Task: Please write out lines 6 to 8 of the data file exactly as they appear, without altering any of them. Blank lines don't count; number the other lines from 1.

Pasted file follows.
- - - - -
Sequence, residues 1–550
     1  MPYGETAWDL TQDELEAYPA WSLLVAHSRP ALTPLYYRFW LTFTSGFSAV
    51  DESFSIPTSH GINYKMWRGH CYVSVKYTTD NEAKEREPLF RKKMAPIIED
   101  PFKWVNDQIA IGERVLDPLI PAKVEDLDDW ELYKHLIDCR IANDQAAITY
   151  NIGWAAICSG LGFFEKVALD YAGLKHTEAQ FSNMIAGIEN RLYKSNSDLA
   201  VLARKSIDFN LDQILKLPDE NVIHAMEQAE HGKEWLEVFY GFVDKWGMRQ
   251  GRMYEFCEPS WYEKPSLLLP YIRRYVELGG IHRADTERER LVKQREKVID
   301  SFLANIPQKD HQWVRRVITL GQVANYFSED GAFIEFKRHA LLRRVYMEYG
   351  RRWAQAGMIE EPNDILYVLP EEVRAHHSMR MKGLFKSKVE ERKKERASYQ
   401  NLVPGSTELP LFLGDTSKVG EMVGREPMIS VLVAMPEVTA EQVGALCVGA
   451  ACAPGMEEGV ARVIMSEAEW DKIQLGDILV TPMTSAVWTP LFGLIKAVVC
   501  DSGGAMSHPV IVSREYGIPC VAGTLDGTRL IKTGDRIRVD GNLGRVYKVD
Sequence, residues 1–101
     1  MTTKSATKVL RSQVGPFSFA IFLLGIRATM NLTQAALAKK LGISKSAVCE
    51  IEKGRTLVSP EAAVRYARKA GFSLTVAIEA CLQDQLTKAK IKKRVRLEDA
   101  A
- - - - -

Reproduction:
   201  VLARKSIDFN LDQILKLPDE NVIHAMEQAE HGKEWLEVFY GFVDKWGMRQ
   251  GRMYEFCEPS WYEKPSLLLP YIRRYVELGG IHRADTERER LVKQREKVID
   301  SFLANIPQKD HQWVRRVITL GQVANYFSED GAFIEFKRHA LLRRVYMEYG